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See detailRole of Calprotectin as a Modulator of the IL27-Mediated Proinflammatory Effect on Endothelial Cells
Dorosz, Susann Antonia UL; Ginolhac, Aurélien UL; Kähne, Thilo et al

in Mediators of Inflammation (2015), 2015

An underlying endothelial dysfunction plays a fundamental role in the pathogenesis of cardiovascular events and is the central feature of atherosclerosis. The protein-based communication between ... [more ▼]

An underlying endothelial dysfunction plays a fundamental role in the pathogenesis of cardiovascular events and is the central feature of atherosclerosis. The protein-based communication between leukocytes and inflamed endothelial cells leading to diapedesis has been largely investigated and several key players such as IL6, TNFα, or the damage associated molecular pattern molecule (DAMP) calprotectin are now well identified. However, regarding cytokine IL27, the controversial current knowledge about its inflammatory role and the involved regulatory elements requires clarification. Therefore, we examined the inflammatory impact of IL27 on primary endothelial cells and the potentially modulatory effect of calprotectin on both transcriptome and proteome levels. A qPCR-based screening demonstrated high IL27-mediated gene expression of IL7, IL15, CXCL10, and CXCL11. Calprotectin time-dependent downregulatory effects were observed on IL27-induced IL15 and CXCL10 gene expression. A mass spectrometry-based approach of IL27 ± calprotectin cell stimulation enlightened a calprotectin modulatory role in the expression of 28 proteins, mostly involved in the mechanism of leukocyte transmigration. Furthermore, we showed evidence for STAT1 involvement in this process. Our findings provide new evidence about the IL27-dependent proinflammatory signaling which may be under the control of calprotectin and highlight the need for further investigations on molecules which might have antiatherosclerotic functions. [less ▲]

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See detailOAG induces an additional PKC-, PI3K-, and Rac2-mediated signaling pathway up-regulating NOX2 activity, independently of Ca 2+ entry
Bréchard, Sabrina UL; Salsmann, Alexandre UL; Tschirhart, Eric UL

in Journal of Leukocyte Biology (2009), 85(4), 638-647

The requirement of calcium ion (Ca(2)(+)) entry for neutrophil NADPH oxidase (NOX2) regulation is clearly established. However, its role in the signaling pathway leading to NOX2 activation is still ... [more ▼]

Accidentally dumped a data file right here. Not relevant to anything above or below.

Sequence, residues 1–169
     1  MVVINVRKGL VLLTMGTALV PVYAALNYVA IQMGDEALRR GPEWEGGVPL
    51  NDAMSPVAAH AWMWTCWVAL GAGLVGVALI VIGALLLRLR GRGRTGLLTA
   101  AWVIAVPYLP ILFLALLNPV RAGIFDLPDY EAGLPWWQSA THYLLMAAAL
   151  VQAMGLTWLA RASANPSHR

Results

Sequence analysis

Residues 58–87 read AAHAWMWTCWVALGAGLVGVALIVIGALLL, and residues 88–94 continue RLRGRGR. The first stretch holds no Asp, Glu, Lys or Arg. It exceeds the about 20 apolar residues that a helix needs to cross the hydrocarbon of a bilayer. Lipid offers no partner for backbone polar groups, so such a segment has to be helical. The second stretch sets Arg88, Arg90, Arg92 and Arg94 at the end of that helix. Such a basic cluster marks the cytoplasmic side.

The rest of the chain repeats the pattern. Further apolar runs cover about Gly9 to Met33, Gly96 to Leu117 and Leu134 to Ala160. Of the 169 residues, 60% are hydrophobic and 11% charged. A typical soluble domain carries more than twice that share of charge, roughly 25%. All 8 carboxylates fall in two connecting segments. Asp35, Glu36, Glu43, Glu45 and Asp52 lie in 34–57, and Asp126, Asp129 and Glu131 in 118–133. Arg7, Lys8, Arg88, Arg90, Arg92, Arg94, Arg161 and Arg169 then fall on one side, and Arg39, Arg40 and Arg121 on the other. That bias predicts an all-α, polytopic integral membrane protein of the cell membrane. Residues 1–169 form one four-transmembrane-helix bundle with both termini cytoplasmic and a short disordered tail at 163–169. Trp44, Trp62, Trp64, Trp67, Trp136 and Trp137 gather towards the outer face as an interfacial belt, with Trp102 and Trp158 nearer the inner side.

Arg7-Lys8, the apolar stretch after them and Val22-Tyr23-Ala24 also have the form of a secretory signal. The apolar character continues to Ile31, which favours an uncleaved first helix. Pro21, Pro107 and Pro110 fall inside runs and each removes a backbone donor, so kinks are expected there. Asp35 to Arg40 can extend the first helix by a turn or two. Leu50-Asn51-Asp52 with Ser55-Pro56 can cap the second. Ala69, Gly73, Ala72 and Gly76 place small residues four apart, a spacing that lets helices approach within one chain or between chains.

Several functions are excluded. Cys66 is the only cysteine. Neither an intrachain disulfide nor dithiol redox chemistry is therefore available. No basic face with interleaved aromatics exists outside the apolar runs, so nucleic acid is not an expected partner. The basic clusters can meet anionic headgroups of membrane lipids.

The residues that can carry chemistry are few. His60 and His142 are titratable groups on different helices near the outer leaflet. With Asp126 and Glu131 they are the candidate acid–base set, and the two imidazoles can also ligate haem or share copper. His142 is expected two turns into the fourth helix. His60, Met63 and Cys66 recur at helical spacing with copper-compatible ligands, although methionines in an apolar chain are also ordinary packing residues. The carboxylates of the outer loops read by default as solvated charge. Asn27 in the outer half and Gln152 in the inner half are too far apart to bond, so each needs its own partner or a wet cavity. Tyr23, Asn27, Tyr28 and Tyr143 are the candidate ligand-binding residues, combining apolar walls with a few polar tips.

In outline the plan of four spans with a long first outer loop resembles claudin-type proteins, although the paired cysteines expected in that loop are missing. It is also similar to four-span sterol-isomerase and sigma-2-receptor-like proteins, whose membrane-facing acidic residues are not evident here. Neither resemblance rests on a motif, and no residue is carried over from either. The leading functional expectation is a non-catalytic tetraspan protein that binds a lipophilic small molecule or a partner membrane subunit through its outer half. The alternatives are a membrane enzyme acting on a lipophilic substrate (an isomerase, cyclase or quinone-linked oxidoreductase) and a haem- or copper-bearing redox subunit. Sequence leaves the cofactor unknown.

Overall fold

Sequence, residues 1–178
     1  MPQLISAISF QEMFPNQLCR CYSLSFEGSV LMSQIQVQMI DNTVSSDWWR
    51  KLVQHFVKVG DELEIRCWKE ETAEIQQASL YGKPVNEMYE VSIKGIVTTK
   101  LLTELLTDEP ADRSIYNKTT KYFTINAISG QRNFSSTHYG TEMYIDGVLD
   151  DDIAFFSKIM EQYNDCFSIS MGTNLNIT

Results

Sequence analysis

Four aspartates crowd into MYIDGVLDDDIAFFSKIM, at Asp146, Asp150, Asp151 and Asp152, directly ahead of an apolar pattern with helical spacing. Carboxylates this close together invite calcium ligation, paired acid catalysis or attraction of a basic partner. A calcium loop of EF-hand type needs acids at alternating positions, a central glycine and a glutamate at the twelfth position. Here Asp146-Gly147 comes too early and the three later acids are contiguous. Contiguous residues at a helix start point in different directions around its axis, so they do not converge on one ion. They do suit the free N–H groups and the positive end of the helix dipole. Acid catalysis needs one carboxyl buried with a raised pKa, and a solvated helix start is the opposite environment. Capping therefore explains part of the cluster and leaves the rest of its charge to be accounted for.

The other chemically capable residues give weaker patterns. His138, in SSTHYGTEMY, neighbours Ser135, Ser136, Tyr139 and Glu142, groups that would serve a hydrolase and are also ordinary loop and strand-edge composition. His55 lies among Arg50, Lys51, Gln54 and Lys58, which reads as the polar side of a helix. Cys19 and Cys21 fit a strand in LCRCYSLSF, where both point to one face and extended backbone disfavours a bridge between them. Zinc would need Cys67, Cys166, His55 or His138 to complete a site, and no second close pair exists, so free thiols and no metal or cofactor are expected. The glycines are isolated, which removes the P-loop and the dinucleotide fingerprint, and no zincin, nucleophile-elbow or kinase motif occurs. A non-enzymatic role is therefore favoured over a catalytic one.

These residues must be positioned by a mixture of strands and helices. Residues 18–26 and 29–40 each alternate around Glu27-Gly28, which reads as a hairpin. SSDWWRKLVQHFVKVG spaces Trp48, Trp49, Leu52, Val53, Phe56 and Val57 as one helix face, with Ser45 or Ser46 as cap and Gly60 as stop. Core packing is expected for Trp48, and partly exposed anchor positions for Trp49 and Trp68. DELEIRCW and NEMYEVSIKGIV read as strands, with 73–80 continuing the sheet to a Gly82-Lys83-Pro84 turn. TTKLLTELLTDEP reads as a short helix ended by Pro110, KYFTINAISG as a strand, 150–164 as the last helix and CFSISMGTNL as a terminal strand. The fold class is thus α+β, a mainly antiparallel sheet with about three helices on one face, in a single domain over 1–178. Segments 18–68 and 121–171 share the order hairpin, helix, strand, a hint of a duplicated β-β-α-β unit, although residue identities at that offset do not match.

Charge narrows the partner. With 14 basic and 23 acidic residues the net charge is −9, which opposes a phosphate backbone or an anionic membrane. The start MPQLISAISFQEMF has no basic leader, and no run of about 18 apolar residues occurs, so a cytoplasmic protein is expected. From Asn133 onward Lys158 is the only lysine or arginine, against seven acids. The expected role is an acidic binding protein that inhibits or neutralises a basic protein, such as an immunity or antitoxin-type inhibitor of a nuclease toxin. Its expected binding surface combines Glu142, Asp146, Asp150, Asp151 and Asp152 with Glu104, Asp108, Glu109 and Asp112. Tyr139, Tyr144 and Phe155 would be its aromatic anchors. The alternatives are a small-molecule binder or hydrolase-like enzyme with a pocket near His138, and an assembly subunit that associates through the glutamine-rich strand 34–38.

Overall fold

The requirement of calcium ion (Ca(2)(+)) entry for neutrophil NADPH oxidase (NOX2) regulation is clearly established. However, its role in the signaling pathway leading to NOX2 activation is still elusive. 1-oleoyl-2-acetyl-sn-glycerol (OAG) causes an increase in NOX2 activity and has been shown to directly modulate Ca(2)(+) channels unrelated to the well-known store-operated Ca(2)(+) entry (SOCE) mechanism. In our study, we have investigated the potential role of OAG in Ca(2)(+) influx-mediated NOX2 activity in neutrophil-like-differentiated HL-60 cells to further characterize second signals involved in the regulation of NOX2. OAG inhibited fMLF- and thapsigargin-induced Ca(2)(+) entry, a phenomenon that was not restored by protein kinase C (PKC) or PI3K blockade. Addition of OAG resulted in a rapid decrease of maximal intracellular Ca(2)(+) concentration induced by thapsigargin. Both results suggest that OAG has an inhibitory effect, independent of PI3K and PKC, on the regulation of SOCE. In contrast to SOCE inhibition, OAG-induced NOX2 activation was mediated by PKC and PI3K. Our data establish that both kinases exert their effects through the regulation of Rac2 activity. In addition, OAG potentiated the effect of fMLF on the activation of NOX2 and led to a discernible activity of NOX2 upon thapsigargin stimulation. In conclusion, our results demonstrate that an additional PKC- and/or PI3K-dependent signal may act in synergy with Ca(2)(+) influx to trigger NOX2 activation. [less ▲]

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See detailOverexpression of the partially activated alpha(IIb)beta3D723H integrin salt bridge mutant downregulates RhoA activity and induces microtubule-dependent proplatelet-like extensions in Chinese hamster ovary cells
Schaffner-Reckinger, Elisabeth UL; Salsmann, Alexandre UL; Debili, Najet et al

in Journal of Thrombosis and Haemostasis [=JTH] (2009), 7(7), 1207-1217

BACKGROUND: We have recently reported a novel mutation in the beta3 subunit of the platelet fibrinogen receptor (alpha(IIb)beta3D723H) identified in a patient with dominantly inherited ... [more ▼]